DESPITE 25 years since the fall of the communist regime Slovak media still face threats particularly the threat of debilitating libel lawsuits to intimidate publishers, according to an expert discussion held on November 25.
“Recently there has been an increasing number of criminal complaints and charges against journalists and media,” Pavol Múdry of International Press Institute (IPI) said in his opening speech, adding that excessive fines and prison sentences in Slovak legislation for libel are “relics of the past”.
Discussion under the title “Media Freedom After 25 Years: We Need to Eliminate Legislative Obstacles” was held by IPI and the Public Affairs Institute (IVO) and supported by Embassies of the United States, Canada and UK together with Bratislava municipal office.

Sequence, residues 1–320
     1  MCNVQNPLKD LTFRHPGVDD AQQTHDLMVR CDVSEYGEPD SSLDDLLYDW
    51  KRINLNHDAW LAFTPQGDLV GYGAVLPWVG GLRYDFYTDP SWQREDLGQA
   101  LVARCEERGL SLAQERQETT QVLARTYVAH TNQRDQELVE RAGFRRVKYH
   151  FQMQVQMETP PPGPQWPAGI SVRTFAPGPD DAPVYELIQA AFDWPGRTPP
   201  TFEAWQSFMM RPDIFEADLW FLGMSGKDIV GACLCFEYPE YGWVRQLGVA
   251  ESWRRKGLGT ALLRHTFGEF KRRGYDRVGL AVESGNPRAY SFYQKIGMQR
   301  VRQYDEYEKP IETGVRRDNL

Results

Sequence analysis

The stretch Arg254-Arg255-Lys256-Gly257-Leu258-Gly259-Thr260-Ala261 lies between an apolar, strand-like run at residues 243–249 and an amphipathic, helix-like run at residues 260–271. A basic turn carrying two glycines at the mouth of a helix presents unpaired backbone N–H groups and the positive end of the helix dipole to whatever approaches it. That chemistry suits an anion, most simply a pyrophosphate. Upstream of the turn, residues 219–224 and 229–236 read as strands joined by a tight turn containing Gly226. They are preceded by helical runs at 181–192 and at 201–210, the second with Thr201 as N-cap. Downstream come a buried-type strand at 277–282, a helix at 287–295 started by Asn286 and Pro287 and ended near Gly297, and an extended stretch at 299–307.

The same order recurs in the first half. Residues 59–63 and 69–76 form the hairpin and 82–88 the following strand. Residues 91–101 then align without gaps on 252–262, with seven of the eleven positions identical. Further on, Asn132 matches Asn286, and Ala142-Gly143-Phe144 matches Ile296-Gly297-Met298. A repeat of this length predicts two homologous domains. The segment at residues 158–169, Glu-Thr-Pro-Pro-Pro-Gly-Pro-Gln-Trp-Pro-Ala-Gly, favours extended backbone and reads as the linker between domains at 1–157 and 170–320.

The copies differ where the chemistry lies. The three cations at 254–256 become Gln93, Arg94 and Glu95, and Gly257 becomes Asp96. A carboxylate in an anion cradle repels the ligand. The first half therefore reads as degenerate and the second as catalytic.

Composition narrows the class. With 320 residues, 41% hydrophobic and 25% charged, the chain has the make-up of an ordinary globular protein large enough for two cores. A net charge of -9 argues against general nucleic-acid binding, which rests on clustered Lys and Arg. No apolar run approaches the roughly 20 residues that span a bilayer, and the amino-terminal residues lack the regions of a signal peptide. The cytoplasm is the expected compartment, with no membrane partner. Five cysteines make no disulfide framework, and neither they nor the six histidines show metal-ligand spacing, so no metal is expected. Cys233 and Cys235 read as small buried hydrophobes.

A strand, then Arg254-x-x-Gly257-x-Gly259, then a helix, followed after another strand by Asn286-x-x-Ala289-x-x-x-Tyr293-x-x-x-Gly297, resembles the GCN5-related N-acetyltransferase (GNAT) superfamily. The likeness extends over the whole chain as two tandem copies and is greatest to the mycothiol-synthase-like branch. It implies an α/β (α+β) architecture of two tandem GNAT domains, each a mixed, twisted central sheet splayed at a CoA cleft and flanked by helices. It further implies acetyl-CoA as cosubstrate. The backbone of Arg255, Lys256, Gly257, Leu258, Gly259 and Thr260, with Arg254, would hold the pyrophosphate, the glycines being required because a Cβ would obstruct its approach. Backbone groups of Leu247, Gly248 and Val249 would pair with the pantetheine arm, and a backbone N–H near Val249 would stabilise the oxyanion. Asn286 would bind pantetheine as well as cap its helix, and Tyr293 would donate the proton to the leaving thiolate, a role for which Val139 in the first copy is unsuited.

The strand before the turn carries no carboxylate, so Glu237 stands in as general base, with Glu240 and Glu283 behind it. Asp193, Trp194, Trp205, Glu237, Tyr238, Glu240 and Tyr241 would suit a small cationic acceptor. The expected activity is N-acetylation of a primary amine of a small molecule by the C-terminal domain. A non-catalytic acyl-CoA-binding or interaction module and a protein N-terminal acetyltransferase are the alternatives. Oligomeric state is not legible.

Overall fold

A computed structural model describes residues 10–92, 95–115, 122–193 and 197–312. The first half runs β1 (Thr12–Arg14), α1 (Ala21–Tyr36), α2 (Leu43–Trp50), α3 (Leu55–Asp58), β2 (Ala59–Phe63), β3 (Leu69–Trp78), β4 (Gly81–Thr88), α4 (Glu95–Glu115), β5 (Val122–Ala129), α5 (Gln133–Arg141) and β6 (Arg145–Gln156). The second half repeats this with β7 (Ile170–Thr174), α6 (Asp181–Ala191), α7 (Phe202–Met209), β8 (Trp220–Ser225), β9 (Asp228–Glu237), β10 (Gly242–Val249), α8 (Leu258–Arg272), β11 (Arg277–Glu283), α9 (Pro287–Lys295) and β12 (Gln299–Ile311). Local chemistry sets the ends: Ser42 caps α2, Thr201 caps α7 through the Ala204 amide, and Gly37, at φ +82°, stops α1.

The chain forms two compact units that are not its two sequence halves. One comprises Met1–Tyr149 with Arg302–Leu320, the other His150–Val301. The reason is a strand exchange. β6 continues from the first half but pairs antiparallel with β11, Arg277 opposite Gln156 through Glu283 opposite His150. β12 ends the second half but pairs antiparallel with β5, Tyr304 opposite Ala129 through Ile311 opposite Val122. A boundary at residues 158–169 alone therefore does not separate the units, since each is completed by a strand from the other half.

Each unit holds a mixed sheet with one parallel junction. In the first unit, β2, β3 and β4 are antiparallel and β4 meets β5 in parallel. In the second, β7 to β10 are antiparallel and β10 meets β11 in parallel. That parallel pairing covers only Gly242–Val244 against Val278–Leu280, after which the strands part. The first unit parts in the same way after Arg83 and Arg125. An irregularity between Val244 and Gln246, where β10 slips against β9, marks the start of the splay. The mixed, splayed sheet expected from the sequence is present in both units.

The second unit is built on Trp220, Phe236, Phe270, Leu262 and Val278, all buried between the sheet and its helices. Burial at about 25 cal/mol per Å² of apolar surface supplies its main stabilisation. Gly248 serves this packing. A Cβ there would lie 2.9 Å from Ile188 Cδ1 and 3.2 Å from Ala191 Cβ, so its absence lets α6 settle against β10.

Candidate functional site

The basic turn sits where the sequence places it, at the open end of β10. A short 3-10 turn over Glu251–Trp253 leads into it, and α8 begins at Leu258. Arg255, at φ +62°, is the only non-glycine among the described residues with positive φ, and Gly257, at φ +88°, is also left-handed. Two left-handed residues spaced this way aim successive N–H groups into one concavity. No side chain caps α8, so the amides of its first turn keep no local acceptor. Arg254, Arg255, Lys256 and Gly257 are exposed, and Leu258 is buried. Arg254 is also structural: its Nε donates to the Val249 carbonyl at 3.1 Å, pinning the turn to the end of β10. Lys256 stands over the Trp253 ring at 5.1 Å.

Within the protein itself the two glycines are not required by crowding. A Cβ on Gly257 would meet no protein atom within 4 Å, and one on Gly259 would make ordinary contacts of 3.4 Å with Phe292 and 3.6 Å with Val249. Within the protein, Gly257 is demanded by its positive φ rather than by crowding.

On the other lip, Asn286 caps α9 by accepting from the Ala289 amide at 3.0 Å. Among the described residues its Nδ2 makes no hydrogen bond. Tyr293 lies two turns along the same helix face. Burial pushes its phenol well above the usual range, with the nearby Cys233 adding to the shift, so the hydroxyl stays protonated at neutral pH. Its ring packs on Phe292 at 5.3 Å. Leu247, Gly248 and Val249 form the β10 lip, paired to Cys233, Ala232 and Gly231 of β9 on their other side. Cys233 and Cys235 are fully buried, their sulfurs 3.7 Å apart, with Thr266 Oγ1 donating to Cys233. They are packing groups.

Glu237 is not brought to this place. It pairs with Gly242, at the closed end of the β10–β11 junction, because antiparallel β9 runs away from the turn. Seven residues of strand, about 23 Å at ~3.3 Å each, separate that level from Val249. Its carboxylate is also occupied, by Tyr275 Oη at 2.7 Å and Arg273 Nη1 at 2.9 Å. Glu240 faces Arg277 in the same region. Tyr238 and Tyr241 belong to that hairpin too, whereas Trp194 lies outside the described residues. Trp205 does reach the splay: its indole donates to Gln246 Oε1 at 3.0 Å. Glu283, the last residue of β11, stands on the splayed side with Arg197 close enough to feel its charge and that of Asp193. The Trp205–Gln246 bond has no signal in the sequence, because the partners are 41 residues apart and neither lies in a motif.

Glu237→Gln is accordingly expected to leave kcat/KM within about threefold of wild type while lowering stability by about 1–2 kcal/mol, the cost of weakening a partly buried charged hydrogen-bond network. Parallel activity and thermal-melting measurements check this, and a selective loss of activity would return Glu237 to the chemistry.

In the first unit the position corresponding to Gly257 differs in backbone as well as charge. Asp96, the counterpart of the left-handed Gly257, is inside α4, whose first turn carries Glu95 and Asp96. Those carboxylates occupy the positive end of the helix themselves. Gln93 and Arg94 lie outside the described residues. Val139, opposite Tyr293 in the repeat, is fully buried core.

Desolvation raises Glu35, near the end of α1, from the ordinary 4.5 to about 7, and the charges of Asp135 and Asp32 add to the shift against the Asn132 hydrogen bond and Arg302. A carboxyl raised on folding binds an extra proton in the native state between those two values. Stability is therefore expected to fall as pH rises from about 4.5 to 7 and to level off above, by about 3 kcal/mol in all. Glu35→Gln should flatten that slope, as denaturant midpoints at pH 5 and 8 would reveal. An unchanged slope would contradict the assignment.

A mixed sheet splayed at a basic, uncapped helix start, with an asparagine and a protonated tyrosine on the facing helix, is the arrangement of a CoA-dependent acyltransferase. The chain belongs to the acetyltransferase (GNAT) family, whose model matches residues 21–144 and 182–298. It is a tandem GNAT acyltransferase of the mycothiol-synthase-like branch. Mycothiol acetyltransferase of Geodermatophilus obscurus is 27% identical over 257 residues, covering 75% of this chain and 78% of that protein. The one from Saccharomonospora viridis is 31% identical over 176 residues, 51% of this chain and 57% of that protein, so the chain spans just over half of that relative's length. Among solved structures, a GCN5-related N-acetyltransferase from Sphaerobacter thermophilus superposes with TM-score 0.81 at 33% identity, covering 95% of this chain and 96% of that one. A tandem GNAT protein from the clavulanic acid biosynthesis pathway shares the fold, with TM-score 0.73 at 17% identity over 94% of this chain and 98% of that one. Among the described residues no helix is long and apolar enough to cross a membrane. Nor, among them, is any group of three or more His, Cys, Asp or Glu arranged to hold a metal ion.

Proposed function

US Ambassador to Slovakia Theodore Sedgwick, Principal Solicitor at BBC Rosalind McInnes, Office of the OSCE Representative on Freedom of the Media Director Andrei Richter, IPI Press Freedom Manager Barbara Trionfi, member of the Judicial Council Jozef Vozár and Miroslav Kollár of IVO, were among the speakers.
One of the Slovak journalists who experienced such lawsuit is Arpád Soltész who had to pay Sk1 million (over €33,000) for quoting testimony of police officer in a story about Vladimír Bachleda, a missing businessman and head of the district office in Poprad.
In May 2001 Soltész obtained a declaration written by a former police officer containing a number of statements which implied that a practising lawyer and an entrepreneur had been involved in Bachleda’s disappearance. In his article Soltész stated that the newspaper was in possession of the statement and outlined what it said about the involvement of the lawyer, whom the Hospodárske Noviny daily identified as Pavol Ovšonka.